Last week, a team from Phone.com attended ITEXPO Anaheim, a conference showcasing communications solutions for the enterprise, resellers and service providers.
As part of pre-conference events, Joel Maloff, our SVP of Strategic Partnerships and Alliances, led a session on how communications providers can work with law-enforcement agencies on intercepts and why this kind of collaboration is vital. His talk focused on two areas—how providers should respond to authorized requests for information, and how law enforcement can often assist providers to resolve serious cases of phone fraud.
Both the Communications Assistance for Law Enforcement Act (CALEA) and other U.S. laws that require response to subpoenas and court orders, compel telephony companies to provide data on customer accounts under investigation by law enforcement. In rare cases, a live intercept of calls (previously called a wiretap, though there are no wires on digital calls these days) can also be requested.
As explained in a follow-on session by the Assistant District Attorney for Los Angeles, Antonella Nistorescu, having access to electronic data can be crucial to understanding and solving crimes. Nistorescu specializes in gang violence, including murders, and attempts to bring perpetrators to justice. Access to call logs, cell-phone data, instant and text messages, and social-media accounts can help the pieces fall into place. A seemingly innocent looking defendant may be shown to be someone quite different in their own words, if law enforcement has access to their call logs and other electronic data.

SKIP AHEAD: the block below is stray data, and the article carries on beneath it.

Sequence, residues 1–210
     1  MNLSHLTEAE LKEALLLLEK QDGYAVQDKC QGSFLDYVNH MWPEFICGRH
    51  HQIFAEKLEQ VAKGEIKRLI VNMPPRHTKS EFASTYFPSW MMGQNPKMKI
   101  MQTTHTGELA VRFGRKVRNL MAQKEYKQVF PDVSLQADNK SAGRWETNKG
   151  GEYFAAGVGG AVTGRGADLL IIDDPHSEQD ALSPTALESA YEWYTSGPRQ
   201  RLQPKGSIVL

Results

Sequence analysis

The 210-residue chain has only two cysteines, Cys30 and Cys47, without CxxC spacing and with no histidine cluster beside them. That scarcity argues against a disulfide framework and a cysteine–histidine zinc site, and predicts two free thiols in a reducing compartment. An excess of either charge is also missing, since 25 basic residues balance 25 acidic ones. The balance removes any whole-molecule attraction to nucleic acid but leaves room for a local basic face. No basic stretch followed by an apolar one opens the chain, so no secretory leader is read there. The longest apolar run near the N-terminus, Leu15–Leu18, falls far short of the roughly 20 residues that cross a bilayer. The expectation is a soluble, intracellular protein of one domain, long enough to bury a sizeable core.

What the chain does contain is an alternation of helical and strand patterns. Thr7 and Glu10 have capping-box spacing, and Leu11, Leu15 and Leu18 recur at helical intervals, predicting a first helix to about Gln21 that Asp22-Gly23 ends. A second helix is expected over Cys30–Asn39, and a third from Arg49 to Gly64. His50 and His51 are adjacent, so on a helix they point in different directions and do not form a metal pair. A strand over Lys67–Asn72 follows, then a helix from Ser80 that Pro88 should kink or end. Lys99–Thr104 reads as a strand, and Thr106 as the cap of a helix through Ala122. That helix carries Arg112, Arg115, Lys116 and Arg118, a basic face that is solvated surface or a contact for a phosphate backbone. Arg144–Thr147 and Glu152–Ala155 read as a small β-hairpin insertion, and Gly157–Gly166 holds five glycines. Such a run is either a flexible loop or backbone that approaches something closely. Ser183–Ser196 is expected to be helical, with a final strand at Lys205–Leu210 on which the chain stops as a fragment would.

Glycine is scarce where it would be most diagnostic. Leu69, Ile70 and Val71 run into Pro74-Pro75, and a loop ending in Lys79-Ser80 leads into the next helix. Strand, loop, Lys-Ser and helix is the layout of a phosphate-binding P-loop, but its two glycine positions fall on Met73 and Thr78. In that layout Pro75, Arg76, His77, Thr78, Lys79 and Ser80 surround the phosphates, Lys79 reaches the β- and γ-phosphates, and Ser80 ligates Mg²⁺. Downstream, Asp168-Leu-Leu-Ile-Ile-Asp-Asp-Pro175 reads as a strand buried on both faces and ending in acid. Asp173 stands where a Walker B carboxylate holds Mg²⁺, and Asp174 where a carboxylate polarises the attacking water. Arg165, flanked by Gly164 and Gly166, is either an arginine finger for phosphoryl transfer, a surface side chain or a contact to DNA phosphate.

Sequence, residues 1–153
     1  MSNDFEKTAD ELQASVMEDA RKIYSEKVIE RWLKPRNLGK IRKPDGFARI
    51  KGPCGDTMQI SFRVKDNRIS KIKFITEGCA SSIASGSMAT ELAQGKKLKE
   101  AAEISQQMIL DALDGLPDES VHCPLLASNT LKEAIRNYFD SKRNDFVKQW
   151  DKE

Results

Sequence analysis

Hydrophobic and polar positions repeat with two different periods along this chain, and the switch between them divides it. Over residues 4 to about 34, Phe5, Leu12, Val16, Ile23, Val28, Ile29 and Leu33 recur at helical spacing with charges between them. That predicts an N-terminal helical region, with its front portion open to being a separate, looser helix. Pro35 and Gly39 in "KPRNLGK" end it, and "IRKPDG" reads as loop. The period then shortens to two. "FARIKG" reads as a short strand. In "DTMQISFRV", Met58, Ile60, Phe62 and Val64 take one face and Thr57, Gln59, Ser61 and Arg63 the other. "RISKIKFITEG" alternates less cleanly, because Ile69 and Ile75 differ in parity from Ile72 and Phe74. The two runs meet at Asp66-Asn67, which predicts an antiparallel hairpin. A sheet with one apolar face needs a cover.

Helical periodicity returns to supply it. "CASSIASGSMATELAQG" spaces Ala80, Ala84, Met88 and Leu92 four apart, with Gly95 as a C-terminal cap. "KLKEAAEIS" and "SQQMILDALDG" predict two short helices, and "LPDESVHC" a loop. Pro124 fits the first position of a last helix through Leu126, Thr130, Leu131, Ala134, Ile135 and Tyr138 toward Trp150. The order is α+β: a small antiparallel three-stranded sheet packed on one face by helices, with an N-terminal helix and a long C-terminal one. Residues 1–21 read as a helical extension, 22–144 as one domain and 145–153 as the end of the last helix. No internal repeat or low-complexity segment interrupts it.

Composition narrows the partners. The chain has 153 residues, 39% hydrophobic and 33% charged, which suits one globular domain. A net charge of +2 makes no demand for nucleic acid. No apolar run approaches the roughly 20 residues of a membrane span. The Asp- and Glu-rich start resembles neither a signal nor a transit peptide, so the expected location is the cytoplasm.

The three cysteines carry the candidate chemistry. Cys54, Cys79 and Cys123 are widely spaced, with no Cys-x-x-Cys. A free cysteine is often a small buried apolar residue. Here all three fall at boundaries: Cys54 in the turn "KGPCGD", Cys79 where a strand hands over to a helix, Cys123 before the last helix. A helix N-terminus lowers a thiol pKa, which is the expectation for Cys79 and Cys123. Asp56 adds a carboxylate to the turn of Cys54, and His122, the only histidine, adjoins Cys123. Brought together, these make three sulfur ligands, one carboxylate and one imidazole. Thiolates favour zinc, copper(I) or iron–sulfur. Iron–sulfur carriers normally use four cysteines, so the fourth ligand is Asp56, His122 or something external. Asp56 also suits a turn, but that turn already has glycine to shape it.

As a communications service provider and corporate citizen of our country, we at Phone.com feel it is important to protect the confidentiality of our customers y also assist legitimate law enforcement when proper authorization is issued.
The next ITExpo conference will be held in Fort Lauderdale, Florida, in January, 2016. We expect coordinators will include a similar session on the role of law enforcement as it pertains to communications service providers. Anyone involved in the communications industry will find these sessions invaluable, if for no other reason than to make contact with resources they may need in the future!